This is the hardest to pinpoint area that a game can excel in because there is such a wide variety of styles that people like. Even aside from the very easy delineations such as RTS, FPS, RPG there are subsets. For example, many of the fans of more "fast twitch" shooters such as Quake may not like the somewhat slower play of Halo, and someone who even likes both of those may not be a fan of a more tactical game like Counter Strike. And then, even if you have all of those sorted out, there are(especially more recently) a good amount of games that mix multiple platforms. For example, games such as Games like Beyond Good and Evil which include a myriad of different gameplay elements(which has adventure, mini games, vehicles, battle, photo collecting, and a bit of puzzle) or games like Shadowrun that simply tweak an existing genre. And, of course, you could lump "minigame games" into this category as well. Realistically, this aspect of gaming is just too vast to be able to nail into a few words. Logically, it may be true that this is just the "fun factor" that many people talk about and is simply a matter of preference, but I'll just say that I have no idea of how to explain how "gameplay" makes a game good other than a personal preference for certain combinations of the above aspects.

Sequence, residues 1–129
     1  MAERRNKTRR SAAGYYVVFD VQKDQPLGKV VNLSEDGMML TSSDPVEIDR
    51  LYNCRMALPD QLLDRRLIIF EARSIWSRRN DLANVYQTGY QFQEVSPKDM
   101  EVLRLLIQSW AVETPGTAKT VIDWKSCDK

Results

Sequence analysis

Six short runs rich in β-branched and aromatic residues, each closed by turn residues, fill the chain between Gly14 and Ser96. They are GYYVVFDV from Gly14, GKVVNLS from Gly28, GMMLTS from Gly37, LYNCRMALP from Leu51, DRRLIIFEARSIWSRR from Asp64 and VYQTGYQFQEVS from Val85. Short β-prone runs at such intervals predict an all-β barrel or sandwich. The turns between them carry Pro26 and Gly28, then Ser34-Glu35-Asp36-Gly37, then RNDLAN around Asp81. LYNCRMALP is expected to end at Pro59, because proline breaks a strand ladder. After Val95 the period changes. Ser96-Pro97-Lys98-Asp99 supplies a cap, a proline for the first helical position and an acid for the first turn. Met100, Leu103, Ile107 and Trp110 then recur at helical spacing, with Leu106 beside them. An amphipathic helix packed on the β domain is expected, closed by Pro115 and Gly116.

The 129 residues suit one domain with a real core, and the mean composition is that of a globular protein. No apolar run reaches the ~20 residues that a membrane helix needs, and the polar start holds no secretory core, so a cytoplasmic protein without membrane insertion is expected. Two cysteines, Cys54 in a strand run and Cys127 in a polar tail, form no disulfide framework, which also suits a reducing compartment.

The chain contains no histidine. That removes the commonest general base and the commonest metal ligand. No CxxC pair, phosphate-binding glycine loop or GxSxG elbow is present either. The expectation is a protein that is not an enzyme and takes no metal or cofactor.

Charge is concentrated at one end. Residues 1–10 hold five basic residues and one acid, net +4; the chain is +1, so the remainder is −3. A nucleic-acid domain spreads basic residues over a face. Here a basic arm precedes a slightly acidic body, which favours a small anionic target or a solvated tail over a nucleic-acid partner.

And so ends a long blog that wanders around and really doesn't say too much, but hopefully it at least got you thinking. If you managed to get through all of it(all 0 of you) let me know what you would add, or if one of these things doesn't seem that important to you. Post away!